Today marks the two hundred and forty-second anniversary of the birth of Ludwig van Beethoven.
Beethoven is known anecdotally as irascible, cantankerous, and gruff, and by all accounts he was. He began losing his hearing (possibly a side effect of lead poisoning or a syphilitic infection) at the age of 26. Although devastated by this impairment, he continued to compose—and the output included some of his most famous works—for a further thirty years until his death at age 57.
Beethoven lived a hard life: He was the victim of child abuse; he was shunned by the society to which he aspired; he was difficult to work with and to know. Beethoven was his own harshest critic, and did not believe his compositions were worthy of the acclaim they received. But he was also a fierce friend, a devoted brother, and a passionate lover.
Ludwig van Beethoven felt things deeply. One has only to listen to the second movement of his Symphony No. 7 (written as he learned of his impending hearing loss, and allegedly his favorite of his own compositions), or the Moonlight Sonata to hear the expression of his true character.
Perhaps most importantly-and most famously-the fourth movement of Symphony No. 9, which included the “Ode to Joy,” which was composed when Beethoven was entirely deaf. To know that such a piece of music (to my mind the one of the greatest expressions of human artistic achievement) was contained entirely within the heart, mind and soul of one man, and that he was able to express it for the world to hear, makes Beethoven one of the most remarkable humans in our recent history.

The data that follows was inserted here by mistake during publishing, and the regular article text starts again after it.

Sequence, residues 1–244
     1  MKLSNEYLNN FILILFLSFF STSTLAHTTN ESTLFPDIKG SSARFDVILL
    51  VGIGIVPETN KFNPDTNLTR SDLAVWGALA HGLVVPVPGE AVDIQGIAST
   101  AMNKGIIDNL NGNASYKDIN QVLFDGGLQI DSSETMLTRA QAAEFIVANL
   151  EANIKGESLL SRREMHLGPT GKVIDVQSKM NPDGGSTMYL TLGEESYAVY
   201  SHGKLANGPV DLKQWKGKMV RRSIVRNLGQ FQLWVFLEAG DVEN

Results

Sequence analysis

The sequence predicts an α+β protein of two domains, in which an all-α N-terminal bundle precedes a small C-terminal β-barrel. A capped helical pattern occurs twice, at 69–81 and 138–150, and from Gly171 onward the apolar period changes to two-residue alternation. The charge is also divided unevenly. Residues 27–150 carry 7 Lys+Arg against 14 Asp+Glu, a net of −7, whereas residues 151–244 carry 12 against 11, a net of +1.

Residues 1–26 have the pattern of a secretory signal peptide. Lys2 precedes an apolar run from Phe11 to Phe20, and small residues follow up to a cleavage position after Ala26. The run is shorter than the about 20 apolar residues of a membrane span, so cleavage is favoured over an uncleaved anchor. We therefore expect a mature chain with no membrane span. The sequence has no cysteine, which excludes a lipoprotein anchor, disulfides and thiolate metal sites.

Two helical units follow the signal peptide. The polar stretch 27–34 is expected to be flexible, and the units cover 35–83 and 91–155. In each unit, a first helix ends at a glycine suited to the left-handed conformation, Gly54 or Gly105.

I have often thought of Beethoven as a kindred spirit, and taken comfort in his writings, particularly this quote:
“All evil is mysterious and appears greater when viewed alone. It is all the more ordinary, the more one talks about it with others; it is easier to endure because that which we fear becomes known; it seems as if one has overcome some great evil.”